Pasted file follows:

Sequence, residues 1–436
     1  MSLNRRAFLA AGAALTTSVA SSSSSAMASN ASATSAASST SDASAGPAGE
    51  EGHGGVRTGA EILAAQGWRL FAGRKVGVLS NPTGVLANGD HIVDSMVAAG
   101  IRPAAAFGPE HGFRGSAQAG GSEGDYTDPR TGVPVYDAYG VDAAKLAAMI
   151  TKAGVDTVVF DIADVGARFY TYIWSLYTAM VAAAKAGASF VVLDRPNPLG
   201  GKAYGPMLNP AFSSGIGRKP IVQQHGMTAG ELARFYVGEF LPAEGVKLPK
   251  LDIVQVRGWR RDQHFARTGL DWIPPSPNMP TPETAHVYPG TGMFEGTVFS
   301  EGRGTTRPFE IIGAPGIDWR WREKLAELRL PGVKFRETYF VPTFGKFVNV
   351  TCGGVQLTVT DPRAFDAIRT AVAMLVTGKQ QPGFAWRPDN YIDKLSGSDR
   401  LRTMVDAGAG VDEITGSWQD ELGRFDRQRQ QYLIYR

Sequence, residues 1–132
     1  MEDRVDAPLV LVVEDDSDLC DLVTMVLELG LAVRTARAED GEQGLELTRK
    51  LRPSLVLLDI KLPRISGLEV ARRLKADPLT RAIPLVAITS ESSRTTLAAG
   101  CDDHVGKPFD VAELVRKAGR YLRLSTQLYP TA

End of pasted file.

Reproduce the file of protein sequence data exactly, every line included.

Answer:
Sequence, residues 1–436
     1  MSLNRRAFLA AGAALTTSVA SSSSSAMASN ASATSAASST SDASAGPAGE
    51  EGHGGVRTGA EILAAQGWRL FAGRKVGVLS NPTGVLANGD HIVDSMVAAG
   101  IRPAAAFGPE HGFRGSAQAG GSEGDYTDPR TGVPVYDAYG VDAAKLAAMI
   151  TKAGVDTVVF DIADVGARFY TYIWSLYTAM VAAAKAGASF VVLDRPNPLG
   201  GKAYGPMLNP AFSSGIGRKP IVQQHGMTAG ELARFYVGEF LPAEGVKLPK
   251  LDIVQVRGWR RDQHFARTGL DWIPPSPNMP TPETAHVYPG TGMFEGTVFS
   301  EGRGTTRPFE IIGAPGIDWR WREKLAELRL PGVKFRETYF VPTFGKFVNV
   351  TCGGVQLTVT DPRAFDAIRT AVAMLVTGKQ QPGFAWRPDN YIDKLSGSDR
   401  LRTMVDAGAG VDEITGSWQD ELGRFDRQRQ QYLIYR

Sequence, residues 1–132
     1  MEDRVDAPLV LVVEDDSDLC DLVTMVLELG LAVRTARAED GEQGLELTRK
    51  LRPSLVLLDI KLPRISGLEV ARRLKADPLT RAIPLVAITS ESSRTTLAAG
   101  CDDHVGKPFD VAELVRKAGR YLRLSTQLYP TA